High and low tech combine to patch up work at National Gallery
Saturday, April 14th 2001, 12:00 am
By: News On 6
WASHINGTON (AP) _ It takes a high-tech shower stall with multiple spouts and spigots when the lab at the National Gallery of Art has to deal with a bigger-than-life bronze nude that's been out in the weather too long.
But the basic tools for patching a Rembrandt etching would be a blender, an eyedropper and a plastic mushroom brush.
The nude is Wilhelm Lehmbruck's ``Standing Woman.'' The buxom, 6-foot-3-and-a-quarter-inch statue once stood on the balcony outside the gallery director's office, looking out onto Pennsylvania Avenue.
Staff members say the Secret Service, planning an inaugural parade, once called to ask about the security status of the black-clothed person posted there around the clock. ``Standing Woman'' is clothed only by drapery around her shins, and it's the same dark green bronze as the rest of her, but the Secret Service was apparently observing from a distance.
The statue is indoors now, in the shower stall. Streaks from a decade of exposure to the elements are being carefully ``in-painted'' with a tiny retouching brush.
``The streaks will still be there,'' explained Elizabeth Wild, in charge of the project. ``They just won't be visible.'' After restoration, ``Standing Woman'' will have a permanent home indoors.
Restorers are also analyzing Edgar Degas' much-copied statue of a 14-year-old ballet dancer, molded of wax with a wig and a cloth tutu.
Is the body just wax, or is some clay mixed in? Is the wig horsehair or something else? Just what is the material in the tutu? Object conservator Daphne Barbour said the answers to such questions will help determine the best way to preserve the 120-year-old statue.
In the large section that deals with paintings, Michael Swiclik works on a 275-year-old depiction of Ceres, the Roman goddess of grain. The painter is thought to have been Antoine Watteau, who worked in the court of French king Louis XV, although some scholars have doubts about the work's authenticity.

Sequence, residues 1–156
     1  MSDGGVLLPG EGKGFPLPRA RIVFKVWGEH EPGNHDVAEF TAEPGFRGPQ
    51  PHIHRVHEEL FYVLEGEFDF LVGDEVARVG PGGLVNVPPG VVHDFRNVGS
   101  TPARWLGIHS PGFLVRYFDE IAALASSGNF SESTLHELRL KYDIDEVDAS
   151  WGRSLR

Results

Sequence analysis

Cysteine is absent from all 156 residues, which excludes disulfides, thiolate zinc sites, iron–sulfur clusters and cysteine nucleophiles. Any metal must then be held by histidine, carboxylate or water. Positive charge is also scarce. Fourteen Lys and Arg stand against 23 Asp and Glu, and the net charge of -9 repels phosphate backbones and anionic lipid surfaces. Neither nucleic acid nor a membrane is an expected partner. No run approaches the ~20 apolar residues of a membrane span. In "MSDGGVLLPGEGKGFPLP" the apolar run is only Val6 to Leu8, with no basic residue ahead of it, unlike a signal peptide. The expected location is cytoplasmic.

Swiclik's careful cleaning is revealing some delicate details that were hidden by a previous restoration. He thinks the details will convince historians that the painting really is by Watteau.
``The restorer goofed up the lion in the corner too,'' Swiclik said, ``and it's going to look more like a lion. For some reason, painters of the period don't seem to have had live lions available.''
The restoration staff has a variety of microscopes, including the headset-mounted kind that surgeons use to keep their hands free. Some of the technicians who care for art have to work with such surgical precision.
Faced with a hole in an etching, the restorer first finds scraps of paper of the right shade and quality to match a work that may be centuries old. The scraps are mixed with water in a large blender, like one used in a restaurant.
As the mixer keeps turning, a staffer adds scraps until the right blend is found. The conservator then puts a small quantity into a dish and picks apart the strands with an eyedropper. The mess of separated fiber and other mush is spread over the hole. Then a mushroom brush is used to push the fibers toward the edge of the hole, so they can bind with the original fibers.
The plastic bristles on the mushroom brush are ideal, said Shelley Fletcher, head of the paper section, because they can be used to push the fibers around without pressing them down.
A piece of polyester is put on top to let the work dry. The new fibers mesh with the fibers surrounding the hole without adhesive. When dry, the patch is ready for whatever ink or pencil marks are needed to restore the pattern. In a skillful job, the patch becomes hard to distinguish from the rest of the work.